Toxoplasmosis, rabies, encephalitis, plague, human granulocyticehrlichiosis, Q fever, and what the Center for Disease Control calls CSD (Cat Scratch Disease). Although rare in nations with proactive animal control laws, these diseases are part of a group of ailments known as zoonoses, or diseases that jump from one species to the next. These particular nasties are just some of the diseases that humans can contract through contact with feral cat populations. And, a scratch or a bite is not always necessary; saliva or feces from an infected cat can spread disease as well.
Bilkent has a substantial feral cat population. Although the cats are usually not aggressive and will only come into contact with humans when we primates allow it (and thus choose to endanger our health), this is not always the case. Feral cats on East Campus have taken to breaking into the lojman flats, spreading garbage, and sometimes crawling and pouncing on sleeping faculty (as happened to me last night). The chances of such an intruder leaving saliva, fleas, or feces in such occasions is significant.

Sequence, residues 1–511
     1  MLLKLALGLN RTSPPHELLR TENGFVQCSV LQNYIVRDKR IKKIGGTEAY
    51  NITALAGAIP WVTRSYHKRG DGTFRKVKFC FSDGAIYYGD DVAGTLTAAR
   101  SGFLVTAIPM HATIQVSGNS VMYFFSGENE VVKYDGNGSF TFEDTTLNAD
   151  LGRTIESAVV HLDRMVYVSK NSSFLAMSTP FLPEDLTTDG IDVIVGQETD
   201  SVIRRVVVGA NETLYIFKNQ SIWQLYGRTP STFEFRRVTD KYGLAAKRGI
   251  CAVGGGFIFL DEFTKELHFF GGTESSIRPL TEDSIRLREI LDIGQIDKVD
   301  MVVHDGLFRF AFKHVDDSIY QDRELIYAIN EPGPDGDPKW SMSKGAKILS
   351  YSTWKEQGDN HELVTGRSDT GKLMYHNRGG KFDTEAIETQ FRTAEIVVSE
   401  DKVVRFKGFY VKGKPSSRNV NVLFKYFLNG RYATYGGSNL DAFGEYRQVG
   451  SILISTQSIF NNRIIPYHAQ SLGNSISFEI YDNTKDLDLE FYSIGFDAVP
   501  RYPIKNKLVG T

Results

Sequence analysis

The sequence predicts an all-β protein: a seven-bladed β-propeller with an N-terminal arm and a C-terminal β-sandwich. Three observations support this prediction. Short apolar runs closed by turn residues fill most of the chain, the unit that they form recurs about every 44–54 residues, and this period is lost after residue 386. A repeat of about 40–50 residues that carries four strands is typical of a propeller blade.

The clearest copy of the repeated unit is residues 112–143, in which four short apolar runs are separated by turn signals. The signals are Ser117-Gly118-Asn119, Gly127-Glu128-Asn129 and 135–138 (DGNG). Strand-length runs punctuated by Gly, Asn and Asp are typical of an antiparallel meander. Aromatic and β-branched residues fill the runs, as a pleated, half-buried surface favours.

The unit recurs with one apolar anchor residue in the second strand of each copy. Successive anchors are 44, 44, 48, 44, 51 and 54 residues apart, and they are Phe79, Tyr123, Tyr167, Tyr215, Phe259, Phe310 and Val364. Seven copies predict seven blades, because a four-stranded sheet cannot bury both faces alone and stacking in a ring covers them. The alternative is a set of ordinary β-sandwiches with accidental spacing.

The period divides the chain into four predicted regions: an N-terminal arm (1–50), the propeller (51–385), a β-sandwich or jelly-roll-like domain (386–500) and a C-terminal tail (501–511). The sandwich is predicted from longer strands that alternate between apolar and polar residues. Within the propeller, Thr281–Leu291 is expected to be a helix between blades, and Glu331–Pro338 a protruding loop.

Bilkent housing has not responded to pleas from East Campus residents to remove the feral cats, thus putting the residents at risk of serious disease. There are several steps that the University can take to reduce the feral cat population. Catch, spay/neuter, vaccinate, and release (relocate) programs are popular in Europe and North America. So is licensing. Irresponsible pet ownership is the primary cause of feral cat populations.
In conjunction with a catch and release program, if every pet owner at Bilkent were required to license, vaccinate, and neuter/spay his or her pet, the numbers of animals turned to the wild would decrease. If the pet owner tired of its charge or wished to leave Bilkent, he or she would be forced to show whether the animal had been given away (thus a new license would be issued), exported, or euthanized.
In any case, the University owes it to the safety and well-being of its employees to act quickly to move feral cat populations away from living areas. For information on the spread of disease from domestic cats (not only feral ones) to humans in Central Europe go to: http://www.cdc.gov/ncidod
Kate Sampsell, J.D., Ph.D.
In Response to the Letter:
Dear Dr. Sampsell,
Due the number and intensity of complaints and requests, the University Administration issued an announcement on October 23 and listed the measures taken. The announcement has been posted on the block entrances and can be obtained from the Housing Office. Thank you for your informative letter.
The Housing Office Management